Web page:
The thinking process is largely based on (and dependent upon) measurement. Without measuring, consciously or unconsciously, thinking (for the most part) would not exist. We have concepts about time — like the past, present, and future — and these aspects of thinking are learned measurements, (and may not necessarily reflect true reality). We have mental labels for certain animals and plants, and these mental labels are largely based on measurements and measure-oriented attributes about the animals and plants. Sometimes measurement is necessary but all too often we engage in it in excess (which results in comparison, greed, jealousy, conflict, frustration, judgment, and discrimination).
Real bliss in life, however, occurs beyond mere measuring and labeling. Measuring and labeling are always partial, limited, and fragmented. A brain that mostly just measures and labels is likely a rather robotic brain that is not of a blissful whole.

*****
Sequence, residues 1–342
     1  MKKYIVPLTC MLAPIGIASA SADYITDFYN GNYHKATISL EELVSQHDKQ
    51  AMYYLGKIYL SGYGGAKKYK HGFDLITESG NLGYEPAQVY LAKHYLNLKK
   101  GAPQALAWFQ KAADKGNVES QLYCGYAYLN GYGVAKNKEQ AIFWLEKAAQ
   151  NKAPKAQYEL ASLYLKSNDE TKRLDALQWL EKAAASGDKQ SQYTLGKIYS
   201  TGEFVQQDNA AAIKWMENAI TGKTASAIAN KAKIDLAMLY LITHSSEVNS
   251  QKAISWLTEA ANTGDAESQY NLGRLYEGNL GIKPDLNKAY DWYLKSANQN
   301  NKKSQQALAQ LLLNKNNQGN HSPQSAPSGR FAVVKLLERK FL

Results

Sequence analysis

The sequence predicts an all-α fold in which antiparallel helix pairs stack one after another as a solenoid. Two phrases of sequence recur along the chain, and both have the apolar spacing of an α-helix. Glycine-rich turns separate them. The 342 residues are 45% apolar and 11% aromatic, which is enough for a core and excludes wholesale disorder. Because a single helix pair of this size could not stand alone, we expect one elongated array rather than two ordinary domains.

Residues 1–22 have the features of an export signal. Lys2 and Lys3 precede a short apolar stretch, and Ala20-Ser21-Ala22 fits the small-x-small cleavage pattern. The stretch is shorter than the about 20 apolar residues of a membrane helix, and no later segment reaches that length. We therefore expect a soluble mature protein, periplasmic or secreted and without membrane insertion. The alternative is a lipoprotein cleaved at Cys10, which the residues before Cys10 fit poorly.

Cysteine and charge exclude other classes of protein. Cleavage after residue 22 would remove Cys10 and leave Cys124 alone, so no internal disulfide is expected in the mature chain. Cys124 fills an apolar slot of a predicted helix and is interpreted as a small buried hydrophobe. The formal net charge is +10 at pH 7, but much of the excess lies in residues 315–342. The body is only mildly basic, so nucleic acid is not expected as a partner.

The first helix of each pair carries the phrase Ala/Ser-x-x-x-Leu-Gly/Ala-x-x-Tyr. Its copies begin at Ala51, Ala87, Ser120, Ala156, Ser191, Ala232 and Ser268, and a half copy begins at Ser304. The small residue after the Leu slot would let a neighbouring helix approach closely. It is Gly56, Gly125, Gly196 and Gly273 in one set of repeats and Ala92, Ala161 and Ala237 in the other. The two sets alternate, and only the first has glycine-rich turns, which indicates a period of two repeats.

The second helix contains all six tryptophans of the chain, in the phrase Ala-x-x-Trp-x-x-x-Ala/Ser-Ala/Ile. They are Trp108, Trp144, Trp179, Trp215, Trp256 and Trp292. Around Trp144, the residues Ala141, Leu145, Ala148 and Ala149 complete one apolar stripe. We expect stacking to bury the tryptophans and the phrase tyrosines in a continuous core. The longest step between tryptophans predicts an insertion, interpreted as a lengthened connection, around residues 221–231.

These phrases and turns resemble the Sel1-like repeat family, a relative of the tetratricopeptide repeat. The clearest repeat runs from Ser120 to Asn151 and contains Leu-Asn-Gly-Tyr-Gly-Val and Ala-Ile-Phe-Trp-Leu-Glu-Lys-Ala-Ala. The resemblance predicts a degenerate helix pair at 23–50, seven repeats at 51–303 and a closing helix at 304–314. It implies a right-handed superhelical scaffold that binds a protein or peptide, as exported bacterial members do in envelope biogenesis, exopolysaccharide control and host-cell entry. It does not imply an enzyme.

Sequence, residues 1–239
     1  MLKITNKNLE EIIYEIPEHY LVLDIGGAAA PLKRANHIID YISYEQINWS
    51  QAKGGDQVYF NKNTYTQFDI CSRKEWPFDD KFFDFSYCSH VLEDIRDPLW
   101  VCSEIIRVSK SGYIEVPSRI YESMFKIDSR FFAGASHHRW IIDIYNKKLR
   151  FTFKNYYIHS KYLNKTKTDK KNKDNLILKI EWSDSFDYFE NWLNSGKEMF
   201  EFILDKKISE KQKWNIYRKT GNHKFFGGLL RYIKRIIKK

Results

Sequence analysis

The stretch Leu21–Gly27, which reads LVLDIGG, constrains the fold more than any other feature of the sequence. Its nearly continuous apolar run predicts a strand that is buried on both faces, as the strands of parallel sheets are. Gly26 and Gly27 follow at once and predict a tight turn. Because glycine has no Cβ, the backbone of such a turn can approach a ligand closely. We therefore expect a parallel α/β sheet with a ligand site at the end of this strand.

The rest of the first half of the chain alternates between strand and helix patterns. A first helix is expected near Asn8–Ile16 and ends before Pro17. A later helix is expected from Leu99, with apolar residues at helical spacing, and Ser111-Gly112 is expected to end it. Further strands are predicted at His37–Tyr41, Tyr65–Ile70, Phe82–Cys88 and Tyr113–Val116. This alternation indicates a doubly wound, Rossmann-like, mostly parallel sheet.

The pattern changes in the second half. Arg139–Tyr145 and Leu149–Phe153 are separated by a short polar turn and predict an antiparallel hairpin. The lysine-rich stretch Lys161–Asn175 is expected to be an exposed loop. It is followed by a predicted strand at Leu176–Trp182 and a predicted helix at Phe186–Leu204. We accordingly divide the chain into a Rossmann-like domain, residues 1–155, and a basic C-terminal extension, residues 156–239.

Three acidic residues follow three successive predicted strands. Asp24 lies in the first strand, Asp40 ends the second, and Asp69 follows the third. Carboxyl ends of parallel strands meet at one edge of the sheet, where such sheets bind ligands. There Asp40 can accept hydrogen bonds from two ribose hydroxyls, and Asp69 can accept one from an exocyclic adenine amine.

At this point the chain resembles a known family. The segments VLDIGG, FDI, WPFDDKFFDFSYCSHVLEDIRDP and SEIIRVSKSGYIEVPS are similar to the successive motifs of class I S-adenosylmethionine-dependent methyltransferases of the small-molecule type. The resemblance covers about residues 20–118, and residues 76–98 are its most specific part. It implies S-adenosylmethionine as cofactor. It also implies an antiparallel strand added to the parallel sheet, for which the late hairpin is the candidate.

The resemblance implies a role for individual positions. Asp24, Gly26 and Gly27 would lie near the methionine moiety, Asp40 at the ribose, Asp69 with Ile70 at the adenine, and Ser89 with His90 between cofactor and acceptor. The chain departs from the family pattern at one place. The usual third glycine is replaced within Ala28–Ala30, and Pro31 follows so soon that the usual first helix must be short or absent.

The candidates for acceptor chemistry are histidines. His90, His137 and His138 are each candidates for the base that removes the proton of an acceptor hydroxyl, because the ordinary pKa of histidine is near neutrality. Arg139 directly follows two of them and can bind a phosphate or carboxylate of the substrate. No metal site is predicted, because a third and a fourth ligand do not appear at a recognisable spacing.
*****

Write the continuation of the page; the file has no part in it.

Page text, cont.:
The following is one of the many koan-like sayings that occur within the Gospel of Thomas. Some top biblical scholars say that this gospel — which was banned by the so-called high priests who were controlled by the Roman Empire — was closer to the historical Christ and is more pristine than the other politically endorsed gospels. One is not necessarily positing that the following saying means anything specific, but it does pertain to going beyond measurement. (Assessing weight is measurement.)
Jesus said, “The father’s kingdom is like a woman
who was carrying a jar full of meal.
While she was walking along a distant road,
the handle of the jar broke
and the meal spilled behind her along the road.
She did not know it.
She noticed no problem.
When she reached her house she put the jar down
and found it empty.”